– On a recent weeknight on Ipanema Beach, lights on a nearby hillside sparkled, Brazilians drank beer at seaside cafes, local rugby coaches worked with children of the favelas, and a man from Hopkins wearing a cow costume became an international ambassador.

The Olympic spirit might be found in Simone Biles’ smile or Michael Phelps’ grimace. It was certainly present when the father of a woman whose sport was introduced into the Olympics this year traveled to Brazil, Googled “Rio rugby,” got on a subway and tried to link the kids he coaches in Minnesota to the kids learning the game as waves lapped near their sand field.

Dan Johnson coached rugby at the University of Minnesota. He met his wife, Jennie, there when she played for the Gophers. Their daughter, Katie, started for the first-ever U.S. women’s rugby sevens Olympic team.

The Johnsons turned their Olympic experience into a family vacation, and Johnson turned the family vacation into a chance to hold a fundraiser for the children of the favelas, the infamous slums that hover above Rio like storm clouds.

“The organizers here are trying to get these kids to work together instead of warring against each other,” Dan Johnson said. “They’re starting with the kids, trying to get their minds going in the right direction, and hopefully it will spread.”

On Friday night in Hopkins, Katie attended a fundraiser for Hopkins rugby, which Dan coaches. “I’m going to take a portion of that money and send some of it to these guys to form a relationship,” Dan said. “I want to show them pictures of us working with kids and let them know this is going on other places in the world. As far as the money, even the smallest amount down here is big.”

Johnson took a wrong turn on one of his adventures and wound up in a favela. “I’m one of those daring people, so I’m walking up the street,” he said. “About a block and a half of trash and poverty later, I turned and walked back. I felt like, ‘I don’t need to see this.’ I knew it was bad. But I can’t imagine living like that.”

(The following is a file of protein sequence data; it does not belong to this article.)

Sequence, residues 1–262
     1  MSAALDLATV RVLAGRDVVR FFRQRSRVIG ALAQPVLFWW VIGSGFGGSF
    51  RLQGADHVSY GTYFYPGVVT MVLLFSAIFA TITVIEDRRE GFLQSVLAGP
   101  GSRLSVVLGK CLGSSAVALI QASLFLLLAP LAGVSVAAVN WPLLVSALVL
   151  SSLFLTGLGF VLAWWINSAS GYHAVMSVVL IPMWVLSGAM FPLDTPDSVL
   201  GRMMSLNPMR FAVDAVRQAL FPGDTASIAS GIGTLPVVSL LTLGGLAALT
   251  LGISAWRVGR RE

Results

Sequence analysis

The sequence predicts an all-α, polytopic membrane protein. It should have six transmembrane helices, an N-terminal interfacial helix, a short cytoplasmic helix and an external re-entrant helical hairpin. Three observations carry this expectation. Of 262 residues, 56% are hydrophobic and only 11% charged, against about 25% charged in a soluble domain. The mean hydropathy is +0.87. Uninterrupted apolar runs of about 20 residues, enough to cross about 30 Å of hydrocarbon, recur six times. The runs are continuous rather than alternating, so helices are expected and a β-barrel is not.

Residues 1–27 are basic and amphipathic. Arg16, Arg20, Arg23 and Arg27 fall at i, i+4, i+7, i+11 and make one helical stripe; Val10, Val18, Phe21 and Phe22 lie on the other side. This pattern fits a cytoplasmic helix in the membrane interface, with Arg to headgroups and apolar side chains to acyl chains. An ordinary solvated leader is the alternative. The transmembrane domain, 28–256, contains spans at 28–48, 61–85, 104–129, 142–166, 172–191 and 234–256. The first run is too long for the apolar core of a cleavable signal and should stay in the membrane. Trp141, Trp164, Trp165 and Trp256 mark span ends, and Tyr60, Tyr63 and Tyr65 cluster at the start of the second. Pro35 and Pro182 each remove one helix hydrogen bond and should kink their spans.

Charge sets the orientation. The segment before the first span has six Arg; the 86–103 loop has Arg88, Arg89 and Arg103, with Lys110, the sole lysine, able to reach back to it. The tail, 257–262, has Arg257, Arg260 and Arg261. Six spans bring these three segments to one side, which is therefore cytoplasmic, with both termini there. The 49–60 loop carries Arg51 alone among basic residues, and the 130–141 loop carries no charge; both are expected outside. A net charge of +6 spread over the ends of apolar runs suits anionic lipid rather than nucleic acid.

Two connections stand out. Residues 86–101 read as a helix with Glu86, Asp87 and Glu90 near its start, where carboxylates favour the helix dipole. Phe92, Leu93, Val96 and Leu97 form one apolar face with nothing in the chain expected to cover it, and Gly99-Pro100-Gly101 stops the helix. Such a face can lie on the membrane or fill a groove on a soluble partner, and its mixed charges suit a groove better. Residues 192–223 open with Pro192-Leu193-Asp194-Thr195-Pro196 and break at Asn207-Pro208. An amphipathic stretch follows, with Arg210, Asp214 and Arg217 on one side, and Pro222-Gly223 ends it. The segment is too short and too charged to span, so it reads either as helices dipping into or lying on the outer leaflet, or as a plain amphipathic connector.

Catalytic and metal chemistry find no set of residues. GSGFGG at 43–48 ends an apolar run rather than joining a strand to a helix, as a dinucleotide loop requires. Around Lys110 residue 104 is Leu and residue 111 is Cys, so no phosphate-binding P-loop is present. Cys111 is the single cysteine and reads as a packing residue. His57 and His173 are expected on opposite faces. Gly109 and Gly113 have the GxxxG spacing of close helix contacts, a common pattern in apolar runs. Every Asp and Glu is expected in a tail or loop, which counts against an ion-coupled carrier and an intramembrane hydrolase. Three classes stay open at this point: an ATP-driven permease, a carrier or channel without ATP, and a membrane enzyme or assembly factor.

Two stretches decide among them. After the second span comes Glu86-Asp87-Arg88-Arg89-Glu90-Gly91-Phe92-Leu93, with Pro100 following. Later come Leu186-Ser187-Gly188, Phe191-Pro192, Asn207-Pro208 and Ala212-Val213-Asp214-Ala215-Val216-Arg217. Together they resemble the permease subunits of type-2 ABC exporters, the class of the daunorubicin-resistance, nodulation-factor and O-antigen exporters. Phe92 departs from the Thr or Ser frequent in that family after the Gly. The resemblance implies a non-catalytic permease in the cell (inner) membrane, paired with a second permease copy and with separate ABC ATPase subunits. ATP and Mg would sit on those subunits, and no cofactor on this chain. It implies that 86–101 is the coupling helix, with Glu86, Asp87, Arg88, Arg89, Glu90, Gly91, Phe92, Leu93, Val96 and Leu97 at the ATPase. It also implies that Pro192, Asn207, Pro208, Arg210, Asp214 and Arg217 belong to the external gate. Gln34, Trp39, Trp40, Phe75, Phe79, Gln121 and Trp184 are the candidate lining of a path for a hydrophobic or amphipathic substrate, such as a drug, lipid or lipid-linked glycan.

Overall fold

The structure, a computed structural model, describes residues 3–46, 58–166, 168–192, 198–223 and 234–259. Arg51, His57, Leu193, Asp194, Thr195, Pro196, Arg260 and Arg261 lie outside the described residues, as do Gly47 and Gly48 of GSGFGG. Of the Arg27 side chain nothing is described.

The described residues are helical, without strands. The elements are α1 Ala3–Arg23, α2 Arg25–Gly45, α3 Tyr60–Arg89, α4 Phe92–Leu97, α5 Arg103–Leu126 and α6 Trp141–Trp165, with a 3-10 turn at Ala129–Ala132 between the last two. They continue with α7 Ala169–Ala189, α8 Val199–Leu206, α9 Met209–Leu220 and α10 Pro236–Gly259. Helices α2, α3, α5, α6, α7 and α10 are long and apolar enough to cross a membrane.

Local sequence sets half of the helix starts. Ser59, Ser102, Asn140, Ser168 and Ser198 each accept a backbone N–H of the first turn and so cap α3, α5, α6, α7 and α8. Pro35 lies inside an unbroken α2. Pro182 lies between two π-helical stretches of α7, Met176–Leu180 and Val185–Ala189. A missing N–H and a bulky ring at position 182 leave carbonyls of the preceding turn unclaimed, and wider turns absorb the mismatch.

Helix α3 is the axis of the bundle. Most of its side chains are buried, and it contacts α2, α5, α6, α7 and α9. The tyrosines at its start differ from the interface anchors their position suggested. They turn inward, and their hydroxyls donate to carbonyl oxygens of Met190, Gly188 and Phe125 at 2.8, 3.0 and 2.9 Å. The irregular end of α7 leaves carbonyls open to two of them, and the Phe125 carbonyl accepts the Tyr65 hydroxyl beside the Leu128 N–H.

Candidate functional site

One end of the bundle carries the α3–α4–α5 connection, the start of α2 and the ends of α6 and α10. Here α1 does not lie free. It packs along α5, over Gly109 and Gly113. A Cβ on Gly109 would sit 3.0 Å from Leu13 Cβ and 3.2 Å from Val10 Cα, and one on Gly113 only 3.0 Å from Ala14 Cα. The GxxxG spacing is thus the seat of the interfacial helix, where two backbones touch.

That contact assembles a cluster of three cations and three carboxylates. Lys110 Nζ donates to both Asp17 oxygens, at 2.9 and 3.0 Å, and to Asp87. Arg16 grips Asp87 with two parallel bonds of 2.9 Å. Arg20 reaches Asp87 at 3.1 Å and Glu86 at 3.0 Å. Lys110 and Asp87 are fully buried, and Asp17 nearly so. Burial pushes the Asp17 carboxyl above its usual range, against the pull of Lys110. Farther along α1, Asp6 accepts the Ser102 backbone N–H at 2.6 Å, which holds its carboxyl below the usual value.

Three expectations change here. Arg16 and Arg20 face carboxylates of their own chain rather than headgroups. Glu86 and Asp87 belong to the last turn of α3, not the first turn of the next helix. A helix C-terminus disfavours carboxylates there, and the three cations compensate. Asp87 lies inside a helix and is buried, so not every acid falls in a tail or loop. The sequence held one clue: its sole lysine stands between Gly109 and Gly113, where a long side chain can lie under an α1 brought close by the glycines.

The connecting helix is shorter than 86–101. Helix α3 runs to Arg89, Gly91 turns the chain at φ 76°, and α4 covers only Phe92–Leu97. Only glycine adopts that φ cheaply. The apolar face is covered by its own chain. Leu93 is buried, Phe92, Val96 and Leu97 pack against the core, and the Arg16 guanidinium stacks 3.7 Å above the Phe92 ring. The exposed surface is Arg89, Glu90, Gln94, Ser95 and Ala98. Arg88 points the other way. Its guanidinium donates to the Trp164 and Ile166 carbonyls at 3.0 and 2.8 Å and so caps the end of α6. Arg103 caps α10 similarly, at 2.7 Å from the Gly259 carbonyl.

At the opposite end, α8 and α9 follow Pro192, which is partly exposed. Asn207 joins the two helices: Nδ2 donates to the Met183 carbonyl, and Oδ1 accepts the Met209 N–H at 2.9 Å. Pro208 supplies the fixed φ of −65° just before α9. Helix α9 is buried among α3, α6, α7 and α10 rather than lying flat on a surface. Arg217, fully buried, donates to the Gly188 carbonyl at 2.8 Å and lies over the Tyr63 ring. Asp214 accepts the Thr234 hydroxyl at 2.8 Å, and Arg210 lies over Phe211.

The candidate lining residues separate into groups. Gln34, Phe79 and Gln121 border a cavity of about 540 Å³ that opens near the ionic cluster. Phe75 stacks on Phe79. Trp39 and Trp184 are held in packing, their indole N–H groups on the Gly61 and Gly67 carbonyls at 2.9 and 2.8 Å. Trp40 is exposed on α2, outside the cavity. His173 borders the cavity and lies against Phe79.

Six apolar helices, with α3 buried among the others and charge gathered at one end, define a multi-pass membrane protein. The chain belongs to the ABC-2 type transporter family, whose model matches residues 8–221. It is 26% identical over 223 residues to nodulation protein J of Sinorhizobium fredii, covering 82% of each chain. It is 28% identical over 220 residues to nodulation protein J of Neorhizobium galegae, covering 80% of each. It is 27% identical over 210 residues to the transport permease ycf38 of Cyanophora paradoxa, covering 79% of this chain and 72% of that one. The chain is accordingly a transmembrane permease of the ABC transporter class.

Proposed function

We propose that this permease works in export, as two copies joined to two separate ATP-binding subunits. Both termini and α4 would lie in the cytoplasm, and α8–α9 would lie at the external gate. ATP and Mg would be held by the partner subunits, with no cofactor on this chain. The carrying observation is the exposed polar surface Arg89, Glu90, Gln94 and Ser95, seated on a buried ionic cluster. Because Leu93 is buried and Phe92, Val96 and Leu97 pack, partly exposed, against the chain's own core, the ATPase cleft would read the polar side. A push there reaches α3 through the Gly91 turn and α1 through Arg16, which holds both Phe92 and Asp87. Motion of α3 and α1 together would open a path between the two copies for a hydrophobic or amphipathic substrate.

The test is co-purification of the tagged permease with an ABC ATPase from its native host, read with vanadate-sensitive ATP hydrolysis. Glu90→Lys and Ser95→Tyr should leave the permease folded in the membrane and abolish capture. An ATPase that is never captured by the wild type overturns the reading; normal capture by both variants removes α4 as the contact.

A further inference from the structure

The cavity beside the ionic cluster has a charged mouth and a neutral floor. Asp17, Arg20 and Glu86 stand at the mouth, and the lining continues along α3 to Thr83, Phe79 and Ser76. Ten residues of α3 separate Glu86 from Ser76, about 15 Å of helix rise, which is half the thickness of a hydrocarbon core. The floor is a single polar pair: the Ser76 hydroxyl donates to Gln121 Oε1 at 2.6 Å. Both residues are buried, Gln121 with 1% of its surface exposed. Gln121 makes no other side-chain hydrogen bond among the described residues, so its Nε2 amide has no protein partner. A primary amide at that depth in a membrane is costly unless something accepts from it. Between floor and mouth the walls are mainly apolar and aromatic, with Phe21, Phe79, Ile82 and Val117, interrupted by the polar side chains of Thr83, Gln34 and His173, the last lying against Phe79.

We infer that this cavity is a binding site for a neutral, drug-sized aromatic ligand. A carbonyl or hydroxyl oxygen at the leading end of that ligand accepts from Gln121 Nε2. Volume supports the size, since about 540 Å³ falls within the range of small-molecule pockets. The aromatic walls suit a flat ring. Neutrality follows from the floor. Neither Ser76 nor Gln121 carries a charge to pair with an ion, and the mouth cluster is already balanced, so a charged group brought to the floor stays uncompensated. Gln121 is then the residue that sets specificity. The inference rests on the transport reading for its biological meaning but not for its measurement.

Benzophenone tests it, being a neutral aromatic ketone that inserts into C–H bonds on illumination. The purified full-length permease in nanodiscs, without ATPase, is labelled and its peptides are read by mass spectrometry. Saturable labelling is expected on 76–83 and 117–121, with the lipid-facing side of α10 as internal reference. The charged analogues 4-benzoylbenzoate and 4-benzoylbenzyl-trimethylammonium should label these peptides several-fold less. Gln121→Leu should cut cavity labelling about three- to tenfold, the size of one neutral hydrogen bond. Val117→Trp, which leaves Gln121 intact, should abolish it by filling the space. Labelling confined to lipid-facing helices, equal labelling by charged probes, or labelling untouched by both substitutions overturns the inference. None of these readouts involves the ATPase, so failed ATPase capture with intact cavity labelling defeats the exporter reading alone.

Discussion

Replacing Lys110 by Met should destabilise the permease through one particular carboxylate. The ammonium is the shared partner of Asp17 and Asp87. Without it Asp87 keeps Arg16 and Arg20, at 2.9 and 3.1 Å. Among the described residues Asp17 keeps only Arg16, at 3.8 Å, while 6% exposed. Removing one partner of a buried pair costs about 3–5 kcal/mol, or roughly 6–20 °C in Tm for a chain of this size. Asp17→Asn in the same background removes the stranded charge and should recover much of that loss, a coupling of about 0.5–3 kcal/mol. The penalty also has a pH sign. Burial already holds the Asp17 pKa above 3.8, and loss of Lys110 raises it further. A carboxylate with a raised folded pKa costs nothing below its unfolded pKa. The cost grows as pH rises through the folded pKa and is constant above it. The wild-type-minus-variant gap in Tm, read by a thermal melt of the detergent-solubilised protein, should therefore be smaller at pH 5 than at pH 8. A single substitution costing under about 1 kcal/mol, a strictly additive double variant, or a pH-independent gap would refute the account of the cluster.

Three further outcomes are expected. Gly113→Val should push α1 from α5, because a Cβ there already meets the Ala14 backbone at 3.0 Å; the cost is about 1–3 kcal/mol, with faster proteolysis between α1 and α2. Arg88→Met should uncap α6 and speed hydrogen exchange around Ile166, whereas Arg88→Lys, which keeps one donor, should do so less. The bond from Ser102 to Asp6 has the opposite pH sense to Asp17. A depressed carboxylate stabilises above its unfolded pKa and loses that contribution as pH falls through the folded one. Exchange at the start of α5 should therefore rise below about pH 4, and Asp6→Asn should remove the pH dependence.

Enjoying a beer and wearing his cow costume, Dan waved at the restaurants and condos on the beach. “And yet you have all of this,” he said, “and it’s just blocks away.”

Because rugby became an Olympic sport, Dan and Jennie traveled to Rio and met Haylli Weintraub, a young woman from New York. She joined Jive Brasil, which offers international volunteering experiences, and worked in Rio during Brazilian Carnival making clothes for the poor.

She loved Brazil and turned a six-week stay into a seven-month adventure, switching to “rugby placement,” in which sport is a vehicle to help and unite poor children.

“I love it so much and loved the kids so much that I wanted to stay,” she said. “I’m only leaving because my sister is getting married.”

Weintraub lives in the favelas and said she feels safer there than on the streets of Ipanema, where she might be mistaken for a lost tourist. “In the favelas there is such a community feel,” she said. “Little kids run around without their parents because the surrounding families will watch out for them.”

As the Johnsons and Weintraub sat at a table, dozens of children wearing yellow shirts given to them by local rugby organizers darted and pounded each other. The organizers took many of the kids to Olympic rugby matches.

Dan plays for the Metropolitan Rugby Club that travels the country. They wore different costumes to different tournaments. Once, in Aspen, they put on their cow costumes during halftime, pretended to graze on the field and let kids ride them.

“It’s a very social game,” Johnson said. “We always try to have fun.”

The kids on the beach were doing just that. “I’ve never seen anybody as passionate about anything as these kids are about rugby,” Weintraub said. “This takes them out of the favelas, gives them purpose. And I never see them here without a smile on their faces. It’s inspiring.”

 

Jim Souhan’s podcast can be heard at MalePatternPodcasts.com. On Twitter: @SouhanStrib. jsouhan@startribune.com